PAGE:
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06-18-2015, 12:10 PM - 3 Likes   #1
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On the merits of the imperfect image.

Film emulation to create "vintage" looks and emulate grain, using old glass that is flare prone or has any number of spherical aberrations, 70's fixed lens rangefinders, Holga and Diana Lomography; the many ways people are introducing imperfections into what could otherwise be pristine digital images for output and upload have proliferated both amateur and professional photography for several years now. I've thought about this a bit and finally formed, what is for me, a concise conclusion.


Imperfections introduced to an image, by design or providence, mirror the imperfections in our memory. It is the nature of memory to lose some detail and fade a bit with time. As time passes, a photograph that mimics such characteristics allow our memory some space to fill out the missing details with our own interpretation of a given time and place in the past, however accurate or inaccurate we desire. Such images, created with silver or silicon, are truly analog in their relationship to how humans interpret memories and how we wish to perceive ourselves and our relationship to the time, the place, and the people that create our personal histories; that create our humanity. The embrace of imperfection in this digital era is not a here-today-gone-tomorrow hipster trend. The embrace and allure of the imperfect image is here to stay as long as we are, It's an extension of our biology, an analog to our human nature in a world that is increasingly non-analogous to our humanity.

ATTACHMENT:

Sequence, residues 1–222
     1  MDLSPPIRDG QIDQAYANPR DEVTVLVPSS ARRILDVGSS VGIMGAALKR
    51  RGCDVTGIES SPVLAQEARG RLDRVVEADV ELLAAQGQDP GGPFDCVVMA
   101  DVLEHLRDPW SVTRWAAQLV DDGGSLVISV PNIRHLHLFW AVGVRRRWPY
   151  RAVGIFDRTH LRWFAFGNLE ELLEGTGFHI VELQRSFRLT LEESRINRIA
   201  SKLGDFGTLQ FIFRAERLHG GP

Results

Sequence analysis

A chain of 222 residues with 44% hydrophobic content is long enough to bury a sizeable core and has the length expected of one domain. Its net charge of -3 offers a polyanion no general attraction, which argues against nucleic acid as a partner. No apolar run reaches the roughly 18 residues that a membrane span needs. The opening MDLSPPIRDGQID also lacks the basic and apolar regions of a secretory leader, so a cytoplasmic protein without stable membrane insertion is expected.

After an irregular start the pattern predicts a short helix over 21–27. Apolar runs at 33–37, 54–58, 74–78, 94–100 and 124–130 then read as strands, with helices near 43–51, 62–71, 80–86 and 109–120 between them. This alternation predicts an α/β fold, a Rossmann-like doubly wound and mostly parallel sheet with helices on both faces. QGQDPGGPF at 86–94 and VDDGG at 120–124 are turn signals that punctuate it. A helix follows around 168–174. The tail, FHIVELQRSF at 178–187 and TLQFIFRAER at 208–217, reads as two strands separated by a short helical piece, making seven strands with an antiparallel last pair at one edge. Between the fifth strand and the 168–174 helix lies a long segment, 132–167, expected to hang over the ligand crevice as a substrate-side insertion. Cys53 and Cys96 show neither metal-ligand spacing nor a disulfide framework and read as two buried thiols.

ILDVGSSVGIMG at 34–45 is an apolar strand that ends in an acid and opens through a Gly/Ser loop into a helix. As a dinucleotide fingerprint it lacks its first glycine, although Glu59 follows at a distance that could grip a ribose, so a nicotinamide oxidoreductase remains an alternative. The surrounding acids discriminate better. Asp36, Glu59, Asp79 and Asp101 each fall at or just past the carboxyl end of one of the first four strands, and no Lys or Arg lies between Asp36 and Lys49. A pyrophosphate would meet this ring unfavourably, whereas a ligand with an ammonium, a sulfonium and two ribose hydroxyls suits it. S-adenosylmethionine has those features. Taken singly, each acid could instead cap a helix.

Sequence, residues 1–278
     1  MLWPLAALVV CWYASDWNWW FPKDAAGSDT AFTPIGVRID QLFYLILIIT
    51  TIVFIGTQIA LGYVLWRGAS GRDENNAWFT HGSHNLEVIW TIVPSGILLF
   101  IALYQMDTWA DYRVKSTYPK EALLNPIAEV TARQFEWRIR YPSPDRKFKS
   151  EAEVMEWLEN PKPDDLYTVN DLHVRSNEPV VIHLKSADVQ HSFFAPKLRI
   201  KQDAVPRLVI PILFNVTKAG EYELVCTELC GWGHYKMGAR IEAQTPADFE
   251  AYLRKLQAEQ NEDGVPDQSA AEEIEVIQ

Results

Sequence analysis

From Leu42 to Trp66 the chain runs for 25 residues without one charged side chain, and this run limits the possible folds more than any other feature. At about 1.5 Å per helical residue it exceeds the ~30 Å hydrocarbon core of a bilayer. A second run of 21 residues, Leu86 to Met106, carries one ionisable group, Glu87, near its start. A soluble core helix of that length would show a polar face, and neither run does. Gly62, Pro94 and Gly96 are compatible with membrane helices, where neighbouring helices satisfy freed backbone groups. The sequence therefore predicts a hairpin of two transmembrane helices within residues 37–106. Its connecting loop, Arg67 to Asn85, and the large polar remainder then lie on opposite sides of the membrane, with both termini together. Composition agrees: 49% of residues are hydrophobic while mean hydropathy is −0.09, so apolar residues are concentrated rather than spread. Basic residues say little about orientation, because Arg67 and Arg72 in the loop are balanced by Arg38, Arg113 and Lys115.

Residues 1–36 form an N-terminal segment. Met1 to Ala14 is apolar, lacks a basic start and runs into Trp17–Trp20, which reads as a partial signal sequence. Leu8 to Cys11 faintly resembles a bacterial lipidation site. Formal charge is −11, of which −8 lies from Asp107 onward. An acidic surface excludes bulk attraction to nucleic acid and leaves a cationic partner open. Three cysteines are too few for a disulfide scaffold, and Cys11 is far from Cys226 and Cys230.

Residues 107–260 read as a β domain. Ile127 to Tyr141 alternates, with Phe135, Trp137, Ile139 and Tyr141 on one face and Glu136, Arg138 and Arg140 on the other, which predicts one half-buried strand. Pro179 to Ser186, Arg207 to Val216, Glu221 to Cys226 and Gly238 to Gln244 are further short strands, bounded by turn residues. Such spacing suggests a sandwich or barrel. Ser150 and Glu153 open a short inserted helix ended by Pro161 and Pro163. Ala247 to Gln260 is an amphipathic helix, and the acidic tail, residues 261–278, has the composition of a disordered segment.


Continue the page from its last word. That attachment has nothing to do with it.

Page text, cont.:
I'm just sayin'.


Last edited by MD Optofonik; 06-18-2015 at 12:20 PM.
06-18-2015, 12:48 PM   #2
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nice!
https://www.pentaxforums.com/forums/10-pentax-slr-lens-discussion/297803-what...ml#post3288508 sory had to link your thread
06-18-2015, 12:49 PM   #3
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Personally, I think the most commonly introduced imperfections - grain, colour balance, blur, vignetting - simply help to achieve a certain mood, emphasise aspects of the subject matter, or imply a sense of time. In that respect, they're just compositional tools. But I like *your* theory better
06-18-2015, 02:02 PM - 1 Like   #4
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Who needs introduced imperfections? I am perfectly capable of generating tons of such with no outside assistance. The cool part is my unconscious efforts are very much appreciated by my adoring fans. The photo below is an excellent example. It was "explored" in Flickr and saw more that 5000 views in the first day or so it was up.






For the record, no PP tricks were employed to make the leading edge of the flower "soft"...


Steve

(...next time f/5.6 or f/8...)

06-18-2015, 02:24 PM - 1 Like   #5
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QuoteOriginally posted by MD Optofonik Quote
On the merits of the imperfect image.
Art is a lie that speaks a truth...
06-18-2015, 02:43 PM   #6
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The eye/brain like to keep moving and doing that's why the compositional 'rules' work. A photo has only a couple of seconds to grab your attention before you 'move on' so imperfections could be a way of grabbing that attention.
06-18-2015, 02:49 PM   #7
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QuoteOriginally posted by stevebrot Quote
Who needs introduced imperfections? I am perfectly capable of generating tons of such with no outside assistance.
You and me both, Steve!

That's a great photo, by the way... You may have wanted more depth of field, but the end result is very pleasing (as I'm sure you realise)

06-18-2015, 10:16 PM   #8
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QuoteOriginally posted by max_pyne Quote
Cool thread and I'm flattered. Thanks.

---------- Post added 06-18-15 at 22:18 ----------

QuoteOriginally posted by stevebrot Quote